So the first step, and one of the big goals for the next week, is to identify what might be called the “grand challenges” around information that are of the type best addressed not within a single discipline or related disciplines, where great research is already underway at the university, but broadly across disciplines. Tyler raises an important question himself when he asks how this can be done. Among the programs of the coming week -- -- are several panels featuring Dan Russell, Mary Czerwinski, and Abdur Chowdhury -- but also a number of faculty and focused around specific s themes -- Creativity and Culture, Transparency and Boundaries, and Science in our Lives. And one of the questions that will be on the table is how research which cuts across disciplines can be carried out effectively and what the challenges are. in doing that. So, for example, the last of these panels will explore the exchange of information between various realms of expertise and also between the world of science and the realm of daily life,. Each of the faculty panelists -on that day - -- runs an acclaimed center focused on interdisciplinary collaboration in areas as health literacy, communication, food safety, and the environment.

In addition to addressing questions of how to collaborate across disciplines, one of the aims of the Alliance is then to serve as a catalyst for the generation actionable research. The Alliance will be making available seed grants that will stress collaboration across disciiplines and that might be used, for example, as “proof of concept” efforts -- which in turn might be used in an effort to leverage additional resources from outside funders.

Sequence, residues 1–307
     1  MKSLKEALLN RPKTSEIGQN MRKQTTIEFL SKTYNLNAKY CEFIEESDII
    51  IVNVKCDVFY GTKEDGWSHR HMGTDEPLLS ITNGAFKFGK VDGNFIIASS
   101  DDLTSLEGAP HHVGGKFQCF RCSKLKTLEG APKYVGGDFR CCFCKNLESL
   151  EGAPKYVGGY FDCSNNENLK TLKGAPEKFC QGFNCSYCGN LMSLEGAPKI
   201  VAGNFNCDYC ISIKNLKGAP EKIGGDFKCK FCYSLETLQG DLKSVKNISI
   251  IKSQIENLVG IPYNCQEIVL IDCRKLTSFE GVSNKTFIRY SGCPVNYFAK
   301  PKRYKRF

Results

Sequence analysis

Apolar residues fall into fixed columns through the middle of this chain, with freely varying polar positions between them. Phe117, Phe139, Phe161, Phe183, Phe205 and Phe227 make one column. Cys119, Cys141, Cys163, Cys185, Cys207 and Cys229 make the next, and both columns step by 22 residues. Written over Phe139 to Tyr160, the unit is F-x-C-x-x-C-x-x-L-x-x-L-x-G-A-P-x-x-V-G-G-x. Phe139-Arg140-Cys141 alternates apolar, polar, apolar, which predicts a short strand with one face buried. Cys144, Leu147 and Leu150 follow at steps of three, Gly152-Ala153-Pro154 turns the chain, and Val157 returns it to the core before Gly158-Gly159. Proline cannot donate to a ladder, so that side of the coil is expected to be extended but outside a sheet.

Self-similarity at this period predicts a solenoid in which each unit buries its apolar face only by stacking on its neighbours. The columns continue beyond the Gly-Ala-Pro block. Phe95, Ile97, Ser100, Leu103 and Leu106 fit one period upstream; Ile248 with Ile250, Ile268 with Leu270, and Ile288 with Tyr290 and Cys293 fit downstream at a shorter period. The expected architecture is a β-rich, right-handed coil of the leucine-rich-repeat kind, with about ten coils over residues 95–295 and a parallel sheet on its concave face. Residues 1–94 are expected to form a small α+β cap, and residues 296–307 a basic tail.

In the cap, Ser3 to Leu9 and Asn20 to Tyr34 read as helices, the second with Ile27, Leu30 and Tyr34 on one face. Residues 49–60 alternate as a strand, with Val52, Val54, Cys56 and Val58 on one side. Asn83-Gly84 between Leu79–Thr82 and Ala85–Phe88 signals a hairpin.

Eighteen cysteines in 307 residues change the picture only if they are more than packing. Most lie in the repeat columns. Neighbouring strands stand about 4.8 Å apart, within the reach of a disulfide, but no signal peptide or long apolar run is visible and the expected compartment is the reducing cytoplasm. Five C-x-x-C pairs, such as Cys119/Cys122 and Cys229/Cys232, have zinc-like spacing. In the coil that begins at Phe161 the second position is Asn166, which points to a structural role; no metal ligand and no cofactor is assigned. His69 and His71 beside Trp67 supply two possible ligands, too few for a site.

The Alliance also has a number of external partners to date who share an interest in the sort of endeavor outlined here -- the National Archives, the Library of Congress, the Smithsonian Institution, the National Geographic Society, the U.S. National Parks Service, Sesame Workshop, the Newseum, the Barrie School, the Online Academy, and WAMU 88.5,radio.. We will continue to explore with them the opportunities for collaboration around the pressing information-related issues of our time.

We cannot predict at this point what particular results might lie ahead. But what is starting here is a conversation with a great many interested participants -- at a very busy time of the school year, about 500 students, faculty and staff have already signed up to attend these programs, for which the number of registrations already stands at about 1,200. There is clearly an appetite for this sort of endeavor, and we will be reporting as we go along on the outcomes.

Ira Chinoy
Co-Director, The Future of Information Alliance
Associate Professor, The Philip Merrill College of Journalism
University of Maryland, College Park